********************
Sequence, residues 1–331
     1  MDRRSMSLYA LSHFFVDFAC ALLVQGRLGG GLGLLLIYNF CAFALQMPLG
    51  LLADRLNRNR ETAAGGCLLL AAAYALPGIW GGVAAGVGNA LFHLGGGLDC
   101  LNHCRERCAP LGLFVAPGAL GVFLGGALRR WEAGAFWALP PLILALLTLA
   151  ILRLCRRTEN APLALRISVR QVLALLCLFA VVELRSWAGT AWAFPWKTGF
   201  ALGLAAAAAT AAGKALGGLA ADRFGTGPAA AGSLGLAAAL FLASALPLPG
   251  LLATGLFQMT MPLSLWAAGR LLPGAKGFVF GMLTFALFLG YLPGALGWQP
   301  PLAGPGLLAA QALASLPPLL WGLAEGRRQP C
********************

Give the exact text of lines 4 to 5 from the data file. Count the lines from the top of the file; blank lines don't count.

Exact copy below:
   101  LNHCRERCAP LGLFVAPGAL GVFLGGALRR WEAGAFWALP PLILALLTLA
   151  ILRLCRRTEN APLALRISVR QVLALLCLFA VVELRSWAGT AWAFPWKTGF